In order to treat cavities and identify children with tooth decay students aging 6-14 were provided with dental care services across the country, Hamid Samadzadeh told ISNA news agency on Monday.
According to a memorandum of understanding signed between Ministry of Education and Ministry of Health in the year 1394 (March 2015-March 2016) dental care services were offered to 7 million children over the past three years, Samadzadeh highlighted.
“Within the framework of the scheme we are striving to increase oral hygiene among students,” he noted, adding that in order to improve oral hygiene educational brochures and books are sent to school as well.
Oral hygiene is a basic factor for oral health. Poor oral hygiene leads to dental plaque-collections, which in turn can cause gingivitis eventually leading to periodontal diseases.
Before implementing the plan decay-missing-filled (DMF) index among 1.2 million children aging 12 was 2.9 which decreased to 1.84 and is planned to drop to less than 1 by the year 2022, he added.
The decay-missing-filled (DMF) index or decayed, missing, and filled teeth (DMFT) index is one of the most common methods in oral epidemiology for assessing dental caries prevalence as well as dental treatment needs among populations
Samadzadeh went on to say that about 37,000 forces including teachers and healthcare providers are trained to improve oral hygiene among students.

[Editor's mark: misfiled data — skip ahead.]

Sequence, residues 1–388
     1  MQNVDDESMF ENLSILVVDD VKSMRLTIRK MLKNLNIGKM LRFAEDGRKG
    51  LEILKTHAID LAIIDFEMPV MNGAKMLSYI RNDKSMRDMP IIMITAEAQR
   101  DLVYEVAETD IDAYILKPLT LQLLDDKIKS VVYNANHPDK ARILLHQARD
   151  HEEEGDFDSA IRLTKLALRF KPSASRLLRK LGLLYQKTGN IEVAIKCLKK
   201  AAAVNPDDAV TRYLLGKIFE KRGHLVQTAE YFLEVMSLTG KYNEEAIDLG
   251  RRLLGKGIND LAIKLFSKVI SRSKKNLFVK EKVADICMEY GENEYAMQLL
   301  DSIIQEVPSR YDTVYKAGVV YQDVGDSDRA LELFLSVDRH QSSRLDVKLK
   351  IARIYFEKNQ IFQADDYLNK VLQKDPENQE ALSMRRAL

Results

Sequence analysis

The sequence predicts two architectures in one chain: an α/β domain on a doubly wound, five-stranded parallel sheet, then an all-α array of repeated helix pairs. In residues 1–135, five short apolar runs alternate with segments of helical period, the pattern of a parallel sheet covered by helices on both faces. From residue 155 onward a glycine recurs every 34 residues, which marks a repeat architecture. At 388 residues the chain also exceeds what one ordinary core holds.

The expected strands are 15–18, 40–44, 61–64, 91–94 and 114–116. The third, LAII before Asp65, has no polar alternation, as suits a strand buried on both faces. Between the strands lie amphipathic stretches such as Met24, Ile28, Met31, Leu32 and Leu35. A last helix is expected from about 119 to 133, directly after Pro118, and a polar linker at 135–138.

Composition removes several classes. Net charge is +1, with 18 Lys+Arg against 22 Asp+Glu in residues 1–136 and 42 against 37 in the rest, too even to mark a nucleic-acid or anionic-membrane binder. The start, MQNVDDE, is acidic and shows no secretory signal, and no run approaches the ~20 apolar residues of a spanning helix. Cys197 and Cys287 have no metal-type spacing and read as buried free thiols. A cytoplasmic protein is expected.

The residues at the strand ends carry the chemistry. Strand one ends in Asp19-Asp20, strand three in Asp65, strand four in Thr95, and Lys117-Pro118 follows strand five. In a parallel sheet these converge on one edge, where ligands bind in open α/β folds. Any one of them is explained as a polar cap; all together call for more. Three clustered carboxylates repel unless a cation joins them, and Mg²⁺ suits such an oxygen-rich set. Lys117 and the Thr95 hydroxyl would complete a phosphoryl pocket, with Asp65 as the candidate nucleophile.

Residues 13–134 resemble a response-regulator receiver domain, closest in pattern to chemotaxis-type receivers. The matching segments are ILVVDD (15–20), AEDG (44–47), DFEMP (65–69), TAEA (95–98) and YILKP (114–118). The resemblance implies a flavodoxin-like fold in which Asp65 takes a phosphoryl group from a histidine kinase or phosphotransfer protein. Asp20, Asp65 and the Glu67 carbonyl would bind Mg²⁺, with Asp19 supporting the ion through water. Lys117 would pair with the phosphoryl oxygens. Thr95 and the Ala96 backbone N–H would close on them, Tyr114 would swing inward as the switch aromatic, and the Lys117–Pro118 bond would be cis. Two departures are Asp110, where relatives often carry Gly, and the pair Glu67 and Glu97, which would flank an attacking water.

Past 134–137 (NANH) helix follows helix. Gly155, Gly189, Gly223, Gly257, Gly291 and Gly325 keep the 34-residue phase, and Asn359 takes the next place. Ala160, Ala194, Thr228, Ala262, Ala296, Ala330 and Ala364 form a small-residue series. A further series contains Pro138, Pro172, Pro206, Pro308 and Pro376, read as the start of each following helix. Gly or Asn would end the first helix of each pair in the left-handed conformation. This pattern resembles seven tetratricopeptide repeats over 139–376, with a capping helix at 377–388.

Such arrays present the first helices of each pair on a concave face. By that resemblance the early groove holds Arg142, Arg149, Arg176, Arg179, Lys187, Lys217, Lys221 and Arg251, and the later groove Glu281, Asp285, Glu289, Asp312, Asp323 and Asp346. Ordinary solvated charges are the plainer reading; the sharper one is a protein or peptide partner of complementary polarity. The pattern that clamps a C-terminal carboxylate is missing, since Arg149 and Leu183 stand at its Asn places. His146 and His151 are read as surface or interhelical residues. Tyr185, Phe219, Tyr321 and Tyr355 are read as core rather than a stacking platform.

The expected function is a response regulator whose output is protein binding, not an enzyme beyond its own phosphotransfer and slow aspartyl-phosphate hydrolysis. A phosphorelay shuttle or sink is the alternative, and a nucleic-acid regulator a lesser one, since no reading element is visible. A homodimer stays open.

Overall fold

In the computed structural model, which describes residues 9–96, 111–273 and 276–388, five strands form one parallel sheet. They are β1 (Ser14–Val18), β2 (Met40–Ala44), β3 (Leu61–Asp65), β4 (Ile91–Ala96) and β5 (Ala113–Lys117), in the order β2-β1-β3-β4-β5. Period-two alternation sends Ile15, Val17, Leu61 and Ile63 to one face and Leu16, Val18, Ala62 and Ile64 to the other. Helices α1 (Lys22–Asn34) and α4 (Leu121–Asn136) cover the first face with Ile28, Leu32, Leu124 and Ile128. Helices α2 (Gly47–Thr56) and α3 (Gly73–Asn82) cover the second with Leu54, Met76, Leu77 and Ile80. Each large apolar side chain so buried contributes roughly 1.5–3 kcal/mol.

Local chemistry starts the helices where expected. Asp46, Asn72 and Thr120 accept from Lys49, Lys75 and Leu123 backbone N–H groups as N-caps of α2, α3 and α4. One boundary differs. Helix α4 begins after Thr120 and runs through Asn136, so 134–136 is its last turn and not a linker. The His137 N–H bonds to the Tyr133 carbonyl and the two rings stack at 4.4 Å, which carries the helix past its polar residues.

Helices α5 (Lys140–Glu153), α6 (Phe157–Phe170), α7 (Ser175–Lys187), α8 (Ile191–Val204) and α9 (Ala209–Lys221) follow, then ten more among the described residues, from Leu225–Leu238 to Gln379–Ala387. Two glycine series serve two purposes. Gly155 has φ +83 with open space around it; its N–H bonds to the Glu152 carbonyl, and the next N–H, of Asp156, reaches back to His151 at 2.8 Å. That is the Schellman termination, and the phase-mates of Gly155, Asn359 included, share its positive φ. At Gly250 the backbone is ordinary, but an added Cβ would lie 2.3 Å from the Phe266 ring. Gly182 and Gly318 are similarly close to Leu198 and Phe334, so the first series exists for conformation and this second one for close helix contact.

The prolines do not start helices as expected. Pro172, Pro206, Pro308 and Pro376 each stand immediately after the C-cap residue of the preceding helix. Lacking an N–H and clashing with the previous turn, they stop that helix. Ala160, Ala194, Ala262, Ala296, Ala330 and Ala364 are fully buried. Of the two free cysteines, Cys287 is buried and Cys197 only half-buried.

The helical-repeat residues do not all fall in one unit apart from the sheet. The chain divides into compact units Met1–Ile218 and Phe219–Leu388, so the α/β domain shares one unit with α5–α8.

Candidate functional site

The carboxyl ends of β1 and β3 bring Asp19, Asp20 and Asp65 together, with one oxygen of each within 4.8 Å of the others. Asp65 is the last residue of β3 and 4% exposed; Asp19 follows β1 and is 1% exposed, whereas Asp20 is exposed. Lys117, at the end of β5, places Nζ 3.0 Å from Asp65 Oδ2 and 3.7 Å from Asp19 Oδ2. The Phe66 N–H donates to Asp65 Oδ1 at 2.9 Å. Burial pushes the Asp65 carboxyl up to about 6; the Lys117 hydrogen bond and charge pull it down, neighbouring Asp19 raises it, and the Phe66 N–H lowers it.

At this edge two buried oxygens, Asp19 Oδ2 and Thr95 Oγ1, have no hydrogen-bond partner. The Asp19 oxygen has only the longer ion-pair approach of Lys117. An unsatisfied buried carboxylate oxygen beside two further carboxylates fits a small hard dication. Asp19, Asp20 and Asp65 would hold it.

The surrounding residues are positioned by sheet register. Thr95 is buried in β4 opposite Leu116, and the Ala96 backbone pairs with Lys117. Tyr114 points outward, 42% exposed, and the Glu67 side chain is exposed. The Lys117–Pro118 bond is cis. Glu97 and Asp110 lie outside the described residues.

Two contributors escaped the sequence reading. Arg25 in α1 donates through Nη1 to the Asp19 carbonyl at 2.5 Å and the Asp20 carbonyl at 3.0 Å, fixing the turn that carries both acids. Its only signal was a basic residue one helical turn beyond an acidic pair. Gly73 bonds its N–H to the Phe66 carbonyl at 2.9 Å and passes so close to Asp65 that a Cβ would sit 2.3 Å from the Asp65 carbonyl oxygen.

Also students’ oral health profiles are created as well, he said.
He finally concluded that 8 free of charge dental care services for children aging under 14, pregnant women and breastfeeding mothers are being offered in rural and urban areas with population less than 20,000.
Oral health worldwide
Oral diseases are the most common noncommunicable diseases (NCDs) and affect people throughout their lifetime, causing pain, discomfort, disfigurement and even death, World Health Organization (WHO) highlights.
The Global Burden of Disease Study 2016 estimated that oral diseases affected half of the world’s population (3.58 billion people) with dental caries (tooth decay) in permanent teeth being the most prevalent condition assessed.
Severe periodontal (gum) disease, which may result in tooth loss, was estimated to be the 11th most prevalent disease globally.
Severe tooth loss and edentulism (no natural tooth) was one of the leading ten causes of Years Lived with Disability (YLD) in some high-income countries.
In some Asian-Pacific countries, the incidence of oral cancer (cancer of the lip and oral cavity) is within the top 3 of all cancers.
Dental treatment is costly, averaging 5% of total health expenditure and 20% of out-of-pocket health expenditure in most high-income countries.
The oral health care demands are beyond the capacities of the health care systems in most low-and middle-income countries (LMICs).
Oral health inequalities exist among and between different population groups around the world and through the entire life course. Social determinants have a strong impact on oral health.
Behavioral risk factors for oral diseases are shared with other major NCDs, such as an unhealthy diet high in free sugars, tobacco use and harmful use of alcohol.
Poor oral hygiene and inadequate exposure to fluoride have negative effects on oral health.